Self-identity can serve as a buffer for negative concept of self as well as possible psychological distress, for sexual minorities. This identity can become compounded when social constructs like race and gender are explored. The current study addressed the void in the research concerning Black, bisexual, women. The purpose of this qualitative descriptive case study was to explore possible meanings that Black, sexual minority, women (BSMW) give to their senses of identity, where race, gender, and sexual orientation were concerned, through use of an intersectional approach. The study utilized a qualitative, holistic, descriptive multiple-case-study design, to answer three research questions, RQ1: What meaning do women attribute to their memberships within Black, sexual minority identity groups?; RQ2: What importance does intersectionality have on Black, sexual minority women’s identity?; RQ3: How do differences between the perceptions of sexual orientation inform Black women’s gendered racial identity across settings? The sample included twelve Black, bisexual women, who participated in semi-structured interviews. Meta-analysis was implored to derive four themes from participant responses. These themes were: R1; umbrella of oppression, R2; Totality versus Individuality, and R3; Invisibility which align with the Intersectionality framework. Based on the findings of this study, it was recommended that there is active discourse within applied and academic settings where race and gender are concerned. It was also recommended that adopted sexual labels are respected and that careful attention is made to refrain from categorizing plurisexual identities into an overarching label of bisexuality. Suggestions for future research could ensure that time is devoted to sampling in order to recruit large participant samples, secondly, investigating the mental health of Black, bisexual women to explore whether their identity serves as a factor for negative mental outcomes, and place inquiry into whether sexual orientation serves as a contributing factor for possible differences amongst the findings vis-à-vis Black, lesbian, women and Black, bisexual women, where Black, lesbian women were regarded as “race traitors” when gay and interracially dating. The current study contributed to the discussion regarding bisexualism and self-identity, for African American women, moreover, what it means to identify as a Black, sexual minority, woman.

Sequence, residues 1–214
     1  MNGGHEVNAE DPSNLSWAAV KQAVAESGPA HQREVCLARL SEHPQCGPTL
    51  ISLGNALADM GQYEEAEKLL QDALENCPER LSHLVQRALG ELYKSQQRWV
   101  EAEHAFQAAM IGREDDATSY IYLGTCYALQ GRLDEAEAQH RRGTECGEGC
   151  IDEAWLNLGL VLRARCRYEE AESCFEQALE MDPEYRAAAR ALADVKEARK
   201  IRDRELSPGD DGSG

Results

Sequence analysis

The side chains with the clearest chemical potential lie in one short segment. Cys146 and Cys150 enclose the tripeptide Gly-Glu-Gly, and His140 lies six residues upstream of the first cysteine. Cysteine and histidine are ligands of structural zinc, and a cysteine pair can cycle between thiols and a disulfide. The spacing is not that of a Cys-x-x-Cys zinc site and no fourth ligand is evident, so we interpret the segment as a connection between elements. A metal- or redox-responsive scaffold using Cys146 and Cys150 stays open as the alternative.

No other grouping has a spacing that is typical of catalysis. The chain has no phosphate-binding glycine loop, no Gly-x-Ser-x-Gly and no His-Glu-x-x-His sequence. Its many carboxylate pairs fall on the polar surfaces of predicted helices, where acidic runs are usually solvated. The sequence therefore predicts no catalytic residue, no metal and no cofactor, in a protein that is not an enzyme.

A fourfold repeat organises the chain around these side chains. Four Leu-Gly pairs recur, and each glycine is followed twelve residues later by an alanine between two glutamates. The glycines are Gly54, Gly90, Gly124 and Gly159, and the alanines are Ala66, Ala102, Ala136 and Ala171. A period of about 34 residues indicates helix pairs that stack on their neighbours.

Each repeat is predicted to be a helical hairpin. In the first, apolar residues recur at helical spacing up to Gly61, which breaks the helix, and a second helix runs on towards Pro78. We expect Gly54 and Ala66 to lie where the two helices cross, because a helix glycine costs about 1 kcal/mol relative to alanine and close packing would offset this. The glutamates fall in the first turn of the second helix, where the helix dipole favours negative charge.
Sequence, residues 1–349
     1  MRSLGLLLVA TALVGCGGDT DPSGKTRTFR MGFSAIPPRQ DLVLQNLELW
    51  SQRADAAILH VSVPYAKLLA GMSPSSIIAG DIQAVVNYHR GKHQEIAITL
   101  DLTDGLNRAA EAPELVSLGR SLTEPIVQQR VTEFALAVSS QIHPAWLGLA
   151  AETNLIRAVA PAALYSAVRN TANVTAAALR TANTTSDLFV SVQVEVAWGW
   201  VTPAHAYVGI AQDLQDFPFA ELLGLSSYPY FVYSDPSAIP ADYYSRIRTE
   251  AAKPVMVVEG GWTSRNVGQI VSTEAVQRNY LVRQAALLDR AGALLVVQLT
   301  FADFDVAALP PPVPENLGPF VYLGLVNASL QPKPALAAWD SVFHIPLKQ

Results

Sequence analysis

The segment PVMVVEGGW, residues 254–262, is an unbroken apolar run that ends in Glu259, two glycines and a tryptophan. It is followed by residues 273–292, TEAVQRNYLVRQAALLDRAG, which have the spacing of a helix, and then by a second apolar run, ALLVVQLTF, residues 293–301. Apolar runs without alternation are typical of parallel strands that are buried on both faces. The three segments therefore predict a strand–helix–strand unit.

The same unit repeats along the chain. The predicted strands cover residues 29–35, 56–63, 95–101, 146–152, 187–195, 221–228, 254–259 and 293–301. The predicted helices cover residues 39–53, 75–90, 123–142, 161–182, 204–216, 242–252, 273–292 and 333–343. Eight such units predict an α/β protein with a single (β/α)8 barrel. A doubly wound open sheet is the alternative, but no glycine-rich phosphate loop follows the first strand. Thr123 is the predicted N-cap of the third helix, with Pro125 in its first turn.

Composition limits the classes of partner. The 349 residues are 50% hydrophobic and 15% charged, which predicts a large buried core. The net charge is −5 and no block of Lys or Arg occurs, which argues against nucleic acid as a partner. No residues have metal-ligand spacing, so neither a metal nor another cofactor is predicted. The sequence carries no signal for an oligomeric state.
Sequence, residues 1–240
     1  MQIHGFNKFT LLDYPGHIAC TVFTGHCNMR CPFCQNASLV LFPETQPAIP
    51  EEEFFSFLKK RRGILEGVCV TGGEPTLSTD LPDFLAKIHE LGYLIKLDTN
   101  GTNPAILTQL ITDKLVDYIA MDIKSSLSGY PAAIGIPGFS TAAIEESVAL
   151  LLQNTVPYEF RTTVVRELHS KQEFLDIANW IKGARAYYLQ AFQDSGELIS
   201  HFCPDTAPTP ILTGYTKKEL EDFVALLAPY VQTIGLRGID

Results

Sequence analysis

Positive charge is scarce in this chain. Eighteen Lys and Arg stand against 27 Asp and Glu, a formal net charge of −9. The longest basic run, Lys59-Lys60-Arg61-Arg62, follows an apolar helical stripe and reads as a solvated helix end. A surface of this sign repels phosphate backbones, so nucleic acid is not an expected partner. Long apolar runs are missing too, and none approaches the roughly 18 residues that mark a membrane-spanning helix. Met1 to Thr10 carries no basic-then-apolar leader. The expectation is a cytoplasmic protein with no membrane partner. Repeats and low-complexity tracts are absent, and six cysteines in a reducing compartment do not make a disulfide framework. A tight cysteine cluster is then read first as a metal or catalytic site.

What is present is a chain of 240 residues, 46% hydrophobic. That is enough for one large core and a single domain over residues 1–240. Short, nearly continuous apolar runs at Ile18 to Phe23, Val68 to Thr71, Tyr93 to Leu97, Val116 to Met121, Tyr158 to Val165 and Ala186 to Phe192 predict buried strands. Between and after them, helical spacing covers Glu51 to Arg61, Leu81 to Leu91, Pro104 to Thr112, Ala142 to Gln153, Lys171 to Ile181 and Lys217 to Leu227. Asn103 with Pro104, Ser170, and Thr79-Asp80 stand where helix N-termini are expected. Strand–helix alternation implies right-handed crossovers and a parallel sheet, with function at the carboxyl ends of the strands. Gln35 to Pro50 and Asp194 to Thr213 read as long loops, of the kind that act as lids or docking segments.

|Commitee:||Goodin, Joel Bryant, McNamara, Patrick|
|Department:||School of Psychology|
|School Location:||United States -- California|
|Source:||DAI-A 82/5(E), Dissertation Abstracts International|
|Subjects:||Gender studies, Black studies, Sexuality|
|Keywords:||Bisexual women, Bisexuality, Black women, Intersectionality, Polysexual, Social constructs|
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